I'm one of those people that can't find work. It's a real PITA too.
Especially after putting in full time for college after time in the
military for the G.I. bill. And then either to get no reply at all, or have somebody say you're not experienced enough. (Apparently all the entry
jobs are overseas, so how am I supposed to get the experience without moving somewhere that I can't currently afford to anyways? Still needed college
loans, and those are expensive.) Also I see way too much that points to nepotism in hiring practices of smaller businesses, so that doesn't help
either. And it's aggravating when you see the "nepo-hires" are much less skilled and competent than you are.
If I had work, I wouldn't be spending time here. I'd be catching up on rest or too busy doing more productive stuff to complain. At least right now
I can be thankful I have family watching out for me, or it's likely I'd be out wandering the street somewhere. I suspect I'm not the only one with
family/friends covering for them, otherwise things would get a lot more mean pretty quick. (Look at some other places in the world with high
unemployment, if you know what I mean.) You probably don't hear too much, because most of us "boomerangs" are still embarrased by not being able to
garner means to live on one's own despite the effor to do so.
If the people running things in the U.S. cared about the citizenry more than the corporations, they'd bring back tariffs. As nice as free trade and
helping the world economy sounds, it isn't doing ourselves any real favors. Personally I'd like to see two types of particular tariffs instated to
level the playing field. Environmental Impact Tax: any import produced under conditions that fail to meet U.S. EPA standards gets hit with this.
Hazard Tax: Any good produced overseas in facilities that fail OSHA standards (including child labor) gets hit with this one. Sure things will get
more expensive, but it puts an end to the excuses behind buying cheaper goods and the abuses done to make it possible.
I see those as being fair, and they compensate for the costs associated with the regulated marketplace stateside. They eliminate some of the loopholes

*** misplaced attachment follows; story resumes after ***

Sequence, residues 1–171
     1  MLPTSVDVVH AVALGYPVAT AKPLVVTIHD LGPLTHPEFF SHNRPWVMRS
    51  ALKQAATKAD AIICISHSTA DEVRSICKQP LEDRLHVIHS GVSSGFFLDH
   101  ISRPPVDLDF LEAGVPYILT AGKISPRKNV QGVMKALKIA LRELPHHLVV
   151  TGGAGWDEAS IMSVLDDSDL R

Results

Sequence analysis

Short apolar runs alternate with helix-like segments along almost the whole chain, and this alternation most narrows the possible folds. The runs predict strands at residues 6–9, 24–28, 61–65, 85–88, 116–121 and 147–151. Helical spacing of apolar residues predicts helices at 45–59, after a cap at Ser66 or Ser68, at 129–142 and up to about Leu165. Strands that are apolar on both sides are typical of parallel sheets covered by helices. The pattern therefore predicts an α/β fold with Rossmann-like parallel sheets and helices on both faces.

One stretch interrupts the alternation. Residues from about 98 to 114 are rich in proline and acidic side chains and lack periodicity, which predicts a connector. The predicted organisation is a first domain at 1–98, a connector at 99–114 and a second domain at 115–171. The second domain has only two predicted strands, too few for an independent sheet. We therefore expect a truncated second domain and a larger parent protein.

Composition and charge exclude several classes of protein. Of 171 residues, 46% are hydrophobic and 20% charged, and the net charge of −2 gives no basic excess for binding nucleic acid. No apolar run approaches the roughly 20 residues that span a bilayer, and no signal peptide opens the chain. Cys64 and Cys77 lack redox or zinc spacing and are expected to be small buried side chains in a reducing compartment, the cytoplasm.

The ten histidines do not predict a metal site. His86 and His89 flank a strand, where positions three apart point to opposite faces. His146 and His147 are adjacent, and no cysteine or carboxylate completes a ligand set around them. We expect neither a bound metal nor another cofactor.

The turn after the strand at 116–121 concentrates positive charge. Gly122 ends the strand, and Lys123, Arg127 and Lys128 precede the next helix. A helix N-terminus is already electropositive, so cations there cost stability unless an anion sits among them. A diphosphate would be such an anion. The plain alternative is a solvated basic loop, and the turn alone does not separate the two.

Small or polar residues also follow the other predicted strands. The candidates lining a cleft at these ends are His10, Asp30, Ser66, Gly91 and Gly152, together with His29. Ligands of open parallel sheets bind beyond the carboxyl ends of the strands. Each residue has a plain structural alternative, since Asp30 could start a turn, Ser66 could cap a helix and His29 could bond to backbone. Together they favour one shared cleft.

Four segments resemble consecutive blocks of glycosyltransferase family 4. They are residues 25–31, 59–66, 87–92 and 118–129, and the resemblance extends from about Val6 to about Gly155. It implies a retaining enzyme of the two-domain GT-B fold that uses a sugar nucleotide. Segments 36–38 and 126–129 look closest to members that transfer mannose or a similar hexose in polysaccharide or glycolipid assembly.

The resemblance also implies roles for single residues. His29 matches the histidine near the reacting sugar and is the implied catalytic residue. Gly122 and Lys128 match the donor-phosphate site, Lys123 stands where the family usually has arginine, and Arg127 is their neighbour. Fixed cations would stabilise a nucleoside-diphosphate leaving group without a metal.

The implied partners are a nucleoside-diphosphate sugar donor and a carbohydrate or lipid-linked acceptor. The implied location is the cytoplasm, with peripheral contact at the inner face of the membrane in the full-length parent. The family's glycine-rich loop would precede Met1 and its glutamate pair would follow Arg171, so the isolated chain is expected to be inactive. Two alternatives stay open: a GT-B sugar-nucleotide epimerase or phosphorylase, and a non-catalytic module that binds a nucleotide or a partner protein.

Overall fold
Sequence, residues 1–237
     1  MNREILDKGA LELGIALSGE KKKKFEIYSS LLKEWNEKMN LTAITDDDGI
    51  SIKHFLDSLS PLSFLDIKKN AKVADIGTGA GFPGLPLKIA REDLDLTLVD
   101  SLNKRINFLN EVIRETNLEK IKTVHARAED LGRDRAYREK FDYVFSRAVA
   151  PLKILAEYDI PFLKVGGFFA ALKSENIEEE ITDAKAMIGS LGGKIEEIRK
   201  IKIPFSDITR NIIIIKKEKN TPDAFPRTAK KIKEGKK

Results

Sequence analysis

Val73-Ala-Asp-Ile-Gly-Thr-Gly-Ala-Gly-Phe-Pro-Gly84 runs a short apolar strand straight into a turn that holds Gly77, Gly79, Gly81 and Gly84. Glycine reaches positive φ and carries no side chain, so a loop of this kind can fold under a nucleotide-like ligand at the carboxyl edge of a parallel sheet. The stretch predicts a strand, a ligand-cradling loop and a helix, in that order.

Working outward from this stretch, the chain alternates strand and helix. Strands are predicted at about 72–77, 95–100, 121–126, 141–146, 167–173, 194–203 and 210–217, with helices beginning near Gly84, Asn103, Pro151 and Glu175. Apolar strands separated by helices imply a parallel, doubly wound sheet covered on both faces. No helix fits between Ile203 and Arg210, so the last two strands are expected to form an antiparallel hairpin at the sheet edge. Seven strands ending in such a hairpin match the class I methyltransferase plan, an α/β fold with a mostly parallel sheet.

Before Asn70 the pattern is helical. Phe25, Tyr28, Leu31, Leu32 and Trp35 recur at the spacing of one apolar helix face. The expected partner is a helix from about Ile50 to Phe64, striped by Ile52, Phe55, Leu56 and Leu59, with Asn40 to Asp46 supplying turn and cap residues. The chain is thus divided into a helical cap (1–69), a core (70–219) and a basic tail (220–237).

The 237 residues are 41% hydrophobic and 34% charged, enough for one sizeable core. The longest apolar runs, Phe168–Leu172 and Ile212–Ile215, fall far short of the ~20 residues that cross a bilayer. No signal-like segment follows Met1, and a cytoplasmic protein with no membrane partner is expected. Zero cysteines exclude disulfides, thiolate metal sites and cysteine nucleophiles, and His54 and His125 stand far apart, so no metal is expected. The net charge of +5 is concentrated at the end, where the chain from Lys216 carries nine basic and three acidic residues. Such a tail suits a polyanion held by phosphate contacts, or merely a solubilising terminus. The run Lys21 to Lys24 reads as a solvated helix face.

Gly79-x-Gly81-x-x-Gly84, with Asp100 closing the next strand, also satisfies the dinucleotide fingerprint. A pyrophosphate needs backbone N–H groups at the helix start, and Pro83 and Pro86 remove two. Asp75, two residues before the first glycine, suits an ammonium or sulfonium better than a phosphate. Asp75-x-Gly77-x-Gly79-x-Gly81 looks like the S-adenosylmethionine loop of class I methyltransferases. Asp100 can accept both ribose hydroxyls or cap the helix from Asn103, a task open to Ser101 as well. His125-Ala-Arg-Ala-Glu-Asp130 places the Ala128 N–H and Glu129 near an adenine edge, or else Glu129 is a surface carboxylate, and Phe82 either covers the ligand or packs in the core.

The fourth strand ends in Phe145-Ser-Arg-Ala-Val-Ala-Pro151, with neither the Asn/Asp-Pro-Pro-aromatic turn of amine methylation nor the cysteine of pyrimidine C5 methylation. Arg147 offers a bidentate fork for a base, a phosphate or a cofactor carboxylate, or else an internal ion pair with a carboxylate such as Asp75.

that cause outsourcing in the first place, and if they don't want the tax - just implement the same workplace operating standards as required in this
country and have it verified by U.S. inspectors. (Most developed nations shouldn't have much trouble in meeting or exceeding compliance anyways.)
Existing free trade doesn't only outsource jobs, but it outsources pollution and other things that are bad. (And we had learned our lessons the hard
way, so we know there's good reason for the regulations in place here. Thus there is no just excuse to blatantly allow for it elsewhere.) But free
trade is a loophole in the name of profits to get around regulations that were intended to protect working people.
Plug some of those loopholes, and I suspect there will be more fairness in the labor market. But I don't suspect seeing much done about it, unless we
can get some independent reformers in office. (Because both parties are just as bad for different reasons, and aren't really looking out for my
interests. Even if a party candidate is good on some terms, they usually concede too much to their party lines. So finding good independents next time
around seems to be necessary.)
Another suggestion to help the economy might be to offer tax breaks to corporations that help with educational costs, with the caveat of guaranteed
job placement afterwards. And not just in research or technology, but in any field. Would help a lot with the expensive entry level job hole that
disrupts the point of getting educated in the first place. Even doing something to encourage apprencticeships in trades that don't require a degree
would be nice.